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Establish the Level of Blood Alcohol Concentration at 0.05% by 'Per Se' Statute

Ralph F. Hudson, MD
JAMA. 1986;255(4):463. doi:10.1001/jama.1986.03370040033007.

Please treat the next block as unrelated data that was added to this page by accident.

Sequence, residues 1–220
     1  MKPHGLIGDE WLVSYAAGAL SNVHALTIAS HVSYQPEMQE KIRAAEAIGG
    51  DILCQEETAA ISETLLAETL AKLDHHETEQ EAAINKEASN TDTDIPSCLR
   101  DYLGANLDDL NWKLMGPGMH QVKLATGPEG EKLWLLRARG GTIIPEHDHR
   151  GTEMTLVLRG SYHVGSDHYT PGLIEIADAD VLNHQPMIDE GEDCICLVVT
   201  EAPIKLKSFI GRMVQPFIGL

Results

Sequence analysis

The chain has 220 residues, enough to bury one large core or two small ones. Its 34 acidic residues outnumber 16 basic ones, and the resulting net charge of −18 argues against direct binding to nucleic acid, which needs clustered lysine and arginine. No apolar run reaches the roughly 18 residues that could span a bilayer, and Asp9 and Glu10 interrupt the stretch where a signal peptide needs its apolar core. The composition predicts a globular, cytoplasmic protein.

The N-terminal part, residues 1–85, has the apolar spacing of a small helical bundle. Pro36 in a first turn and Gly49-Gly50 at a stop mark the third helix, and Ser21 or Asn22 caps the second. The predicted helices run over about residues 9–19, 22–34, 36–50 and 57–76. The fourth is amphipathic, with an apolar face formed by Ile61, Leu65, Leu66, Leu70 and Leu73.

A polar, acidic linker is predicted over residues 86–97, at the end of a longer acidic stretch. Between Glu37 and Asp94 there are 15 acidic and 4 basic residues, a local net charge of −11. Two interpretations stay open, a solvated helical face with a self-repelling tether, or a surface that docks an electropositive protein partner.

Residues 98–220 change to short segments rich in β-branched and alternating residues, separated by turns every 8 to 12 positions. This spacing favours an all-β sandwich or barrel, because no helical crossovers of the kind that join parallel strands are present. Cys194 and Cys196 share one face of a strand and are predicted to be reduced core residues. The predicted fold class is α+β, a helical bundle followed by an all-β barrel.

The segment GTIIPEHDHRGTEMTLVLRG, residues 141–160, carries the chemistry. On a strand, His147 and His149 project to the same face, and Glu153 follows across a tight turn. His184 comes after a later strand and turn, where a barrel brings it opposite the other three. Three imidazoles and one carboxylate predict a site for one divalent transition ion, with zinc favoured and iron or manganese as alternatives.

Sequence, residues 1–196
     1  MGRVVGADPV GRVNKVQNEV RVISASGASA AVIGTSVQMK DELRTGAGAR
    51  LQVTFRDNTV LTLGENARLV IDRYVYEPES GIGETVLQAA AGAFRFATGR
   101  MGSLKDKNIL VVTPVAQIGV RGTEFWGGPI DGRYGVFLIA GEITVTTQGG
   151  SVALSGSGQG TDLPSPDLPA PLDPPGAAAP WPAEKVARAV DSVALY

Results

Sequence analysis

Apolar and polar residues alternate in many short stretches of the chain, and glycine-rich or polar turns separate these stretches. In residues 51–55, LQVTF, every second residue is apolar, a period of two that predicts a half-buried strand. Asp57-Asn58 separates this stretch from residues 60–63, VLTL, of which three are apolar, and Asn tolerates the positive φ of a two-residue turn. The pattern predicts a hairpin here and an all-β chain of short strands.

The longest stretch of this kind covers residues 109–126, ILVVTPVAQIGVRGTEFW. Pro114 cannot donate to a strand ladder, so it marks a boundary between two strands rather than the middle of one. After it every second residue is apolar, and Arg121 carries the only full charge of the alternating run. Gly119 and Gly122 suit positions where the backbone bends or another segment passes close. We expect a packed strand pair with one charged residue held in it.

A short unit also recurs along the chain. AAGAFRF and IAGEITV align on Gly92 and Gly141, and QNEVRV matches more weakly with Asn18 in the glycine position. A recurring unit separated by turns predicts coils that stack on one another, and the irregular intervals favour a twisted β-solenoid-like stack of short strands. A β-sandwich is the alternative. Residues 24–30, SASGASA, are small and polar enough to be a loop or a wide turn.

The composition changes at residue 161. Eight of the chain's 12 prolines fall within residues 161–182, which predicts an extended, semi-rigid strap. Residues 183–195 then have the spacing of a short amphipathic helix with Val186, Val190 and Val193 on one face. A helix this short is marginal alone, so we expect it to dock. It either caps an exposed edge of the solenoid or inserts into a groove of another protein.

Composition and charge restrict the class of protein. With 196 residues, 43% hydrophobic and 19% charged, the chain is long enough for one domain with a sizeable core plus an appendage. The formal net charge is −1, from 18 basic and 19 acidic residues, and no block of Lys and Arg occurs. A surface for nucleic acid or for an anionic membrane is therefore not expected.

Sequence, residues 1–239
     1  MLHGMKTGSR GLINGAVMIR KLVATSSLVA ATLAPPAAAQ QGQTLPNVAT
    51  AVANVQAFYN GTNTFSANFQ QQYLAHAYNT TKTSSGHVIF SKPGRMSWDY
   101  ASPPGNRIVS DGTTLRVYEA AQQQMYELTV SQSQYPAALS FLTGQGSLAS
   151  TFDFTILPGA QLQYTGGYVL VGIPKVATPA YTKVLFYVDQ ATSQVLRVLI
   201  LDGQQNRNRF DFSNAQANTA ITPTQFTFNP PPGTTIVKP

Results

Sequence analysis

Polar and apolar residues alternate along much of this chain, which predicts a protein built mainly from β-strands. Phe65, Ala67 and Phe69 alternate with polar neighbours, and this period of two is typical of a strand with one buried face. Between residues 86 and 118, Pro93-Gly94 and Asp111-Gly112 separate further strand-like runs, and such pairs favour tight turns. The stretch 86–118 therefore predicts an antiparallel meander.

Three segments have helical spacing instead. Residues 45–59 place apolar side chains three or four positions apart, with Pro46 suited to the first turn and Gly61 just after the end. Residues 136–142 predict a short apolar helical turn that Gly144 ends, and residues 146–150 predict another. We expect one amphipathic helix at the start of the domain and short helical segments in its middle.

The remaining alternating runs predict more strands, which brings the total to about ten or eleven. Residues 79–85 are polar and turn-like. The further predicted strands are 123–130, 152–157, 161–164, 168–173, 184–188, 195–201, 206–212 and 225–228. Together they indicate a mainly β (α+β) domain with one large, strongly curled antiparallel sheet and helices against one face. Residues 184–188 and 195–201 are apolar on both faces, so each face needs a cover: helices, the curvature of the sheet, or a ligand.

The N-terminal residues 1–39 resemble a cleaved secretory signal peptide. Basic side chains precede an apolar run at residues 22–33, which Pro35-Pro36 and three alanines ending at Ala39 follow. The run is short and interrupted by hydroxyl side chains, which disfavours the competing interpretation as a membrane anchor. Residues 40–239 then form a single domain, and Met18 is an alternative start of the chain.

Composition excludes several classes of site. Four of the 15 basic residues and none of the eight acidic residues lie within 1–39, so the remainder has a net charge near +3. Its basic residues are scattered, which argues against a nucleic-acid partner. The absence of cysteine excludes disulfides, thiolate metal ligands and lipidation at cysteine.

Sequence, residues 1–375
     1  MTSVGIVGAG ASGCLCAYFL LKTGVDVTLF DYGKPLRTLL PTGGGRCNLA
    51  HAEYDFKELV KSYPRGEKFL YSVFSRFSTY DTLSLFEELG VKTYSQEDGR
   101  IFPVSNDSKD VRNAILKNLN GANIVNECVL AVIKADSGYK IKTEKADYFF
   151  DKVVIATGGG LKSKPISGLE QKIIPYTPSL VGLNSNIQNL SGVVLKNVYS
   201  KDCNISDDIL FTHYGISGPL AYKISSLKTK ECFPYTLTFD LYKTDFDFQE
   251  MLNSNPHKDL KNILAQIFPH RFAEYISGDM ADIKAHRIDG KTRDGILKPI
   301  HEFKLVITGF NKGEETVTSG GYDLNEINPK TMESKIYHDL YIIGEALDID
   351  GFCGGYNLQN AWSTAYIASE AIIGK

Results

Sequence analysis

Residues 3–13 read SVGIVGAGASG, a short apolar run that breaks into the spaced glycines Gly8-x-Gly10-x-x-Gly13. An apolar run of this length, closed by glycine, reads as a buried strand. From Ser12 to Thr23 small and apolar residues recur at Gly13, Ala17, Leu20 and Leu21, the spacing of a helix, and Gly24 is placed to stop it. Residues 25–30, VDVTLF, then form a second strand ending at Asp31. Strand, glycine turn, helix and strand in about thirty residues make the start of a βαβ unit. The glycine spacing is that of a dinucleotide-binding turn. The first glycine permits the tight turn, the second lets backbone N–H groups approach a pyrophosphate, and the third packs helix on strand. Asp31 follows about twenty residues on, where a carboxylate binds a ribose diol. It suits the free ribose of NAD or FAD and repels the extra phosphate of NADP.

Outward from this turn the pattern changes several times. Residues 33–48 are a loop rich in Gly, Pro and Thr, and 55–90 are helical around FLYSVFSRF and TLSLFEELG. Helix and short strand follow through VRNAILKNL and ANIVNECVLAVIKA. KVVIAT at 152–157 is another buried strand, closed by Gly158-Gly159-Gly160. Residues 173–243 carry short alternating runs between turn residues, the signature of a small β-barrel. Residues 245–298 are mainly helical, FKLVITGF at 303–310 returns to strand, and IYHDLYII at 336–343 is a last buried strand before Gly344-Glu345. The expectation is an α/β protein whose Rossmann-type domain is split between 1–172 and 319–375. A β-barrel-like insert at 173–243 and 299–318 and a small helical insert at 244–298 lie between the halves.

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To the Editor.—  An earlier MEDICAL NEWS article1 gave an excellent presentation of problems and confusion surrounding blood and/or breath alcohol concentration (BAC). The article serves as a springboard for physicians to reconsider our role in the treatment of the alcohol-driving problem. Actually, BAC is an accurate measurement and is the cornerstone of prosecution efforts following the adoption of implied consent laws. Physicians, many of whom do not fully understand BAC concepts, may experience confusion in evaluating countermeasures to the alcohol-driving problem. They may be content to console families, patch up the victims, and rehabilitate both victims and offenders. However, our heritage is to be involved in prevention as well as treatment.Fifteen million injuries and 600,000 deaths in this nation during the past 25 years due to the alcohol-impaired driver certainly constitute a major public health problem. Isn't it strange that public health principles have not been used in


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